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 Function   [other Function type actions]

 Item   [operators of similar scope]

 Date-time   [other Date-time operators]




constructs a Date from a quoted string or string expression. Usually, this is not necessary; Tinderbox will coerce the string to a date type automatically. In some contexts though, it may be more convenient or more clear to make the conversion explicit. (See format() and .format() to convert dates into strings).

This operator creates actual Date-type data, which the examples below are actually coercing back into a string Note too that the examples below were output from a system with UK setting, thus using day-month order. For reference, month-day order is actually only used in the USA and the Philippines - the rest of the world uses day-month, though the delimiters used in text can vary (slash, colon, dot, etc.). The action code shown is being exported via ^value()^.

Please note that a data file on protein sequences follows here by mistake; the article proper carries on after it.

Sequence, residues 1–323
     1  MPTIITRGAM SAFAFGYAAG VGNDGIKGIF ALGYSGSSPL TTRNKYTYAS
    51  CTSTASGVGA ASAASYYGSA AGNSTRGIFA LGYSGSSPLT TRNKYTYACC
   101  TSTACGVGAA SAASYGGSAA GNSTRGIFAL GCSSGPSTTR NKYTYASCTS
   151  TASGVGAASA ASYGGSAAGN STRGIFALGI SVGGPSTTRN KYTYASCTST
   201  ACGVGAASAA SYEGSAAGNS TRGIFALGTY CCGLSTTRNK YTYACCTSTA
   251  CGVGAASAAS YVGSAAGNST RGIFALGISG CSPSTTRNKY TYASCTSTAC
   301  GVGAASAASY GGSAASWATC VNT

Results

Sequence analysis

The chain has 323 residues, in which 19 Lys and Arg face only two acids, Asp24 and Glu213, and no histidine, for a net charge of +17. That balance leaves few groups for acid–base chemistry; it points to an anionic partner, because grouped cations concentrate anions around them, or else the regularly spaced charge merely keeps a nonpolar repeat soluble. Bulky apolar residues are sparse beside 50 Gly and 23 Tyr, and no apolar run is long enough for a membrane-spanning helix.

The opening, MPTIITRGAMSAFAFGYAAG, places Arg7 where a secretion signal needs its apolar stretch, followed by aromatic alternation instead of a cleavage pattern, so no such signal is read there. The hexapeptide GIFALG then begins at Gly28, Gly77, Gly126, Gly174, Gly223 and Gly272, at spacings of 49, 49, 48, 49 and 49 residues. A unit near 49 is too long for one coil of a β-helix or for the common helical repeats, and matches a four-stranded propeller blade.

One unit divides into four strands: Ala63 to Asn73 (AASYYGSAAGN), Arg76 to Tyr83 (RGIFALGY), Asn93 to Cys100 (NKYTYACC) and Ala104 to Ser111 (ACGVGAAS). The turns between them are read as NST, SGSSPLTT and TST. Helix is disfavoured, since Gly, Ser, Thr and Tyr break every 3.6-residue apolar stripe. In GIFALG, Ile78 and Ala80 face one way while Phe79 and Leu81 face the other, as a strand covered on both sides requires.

Note that seconds are ignored (from v5 onwards); if provided they are not used and are coerced to '00' instead.

Default: date("24/10/2009") gives 24/10/2009, 11:28; note how the hh:mm current at export get added. The resulting string is the same as you see for a date displayed as a key attribute. The exact format will depend on the users international settings.

Provide a time: date("24/10/2009 01:30:22") gives 24/10/2009, 01:30; the specified time gets used.

Provide a date formatting string:

format(date("24/10/2009 01:30:00"),"*") gives Sat, 24 Oct 2009 01:30:00 +0100


date("24/10/2009 01:30:00").format("*") gives Sat, 24 Oct 2009 01:30:00 +0100

The two methods are equivalent, note also the change of format due to use of a date format string. In the first example above note how the format() operator wraps date() and not vice versa.

An attribute can also provide part of the input:

$EndDate = date($StartDate+"7 days") 

With care this can be extended. In the following, $MyString is "7 days" and $MyNum is 7. The outcome is that $MyDateA/B/C are all set to the same date:

$MyDateA = date($MyDate+"7 days") 

$MyDateB = date($MyDate+$MyString) 

$MyDateC = date($MyDate+($MyNum+" days")) note the extra parentheses are optional but suggested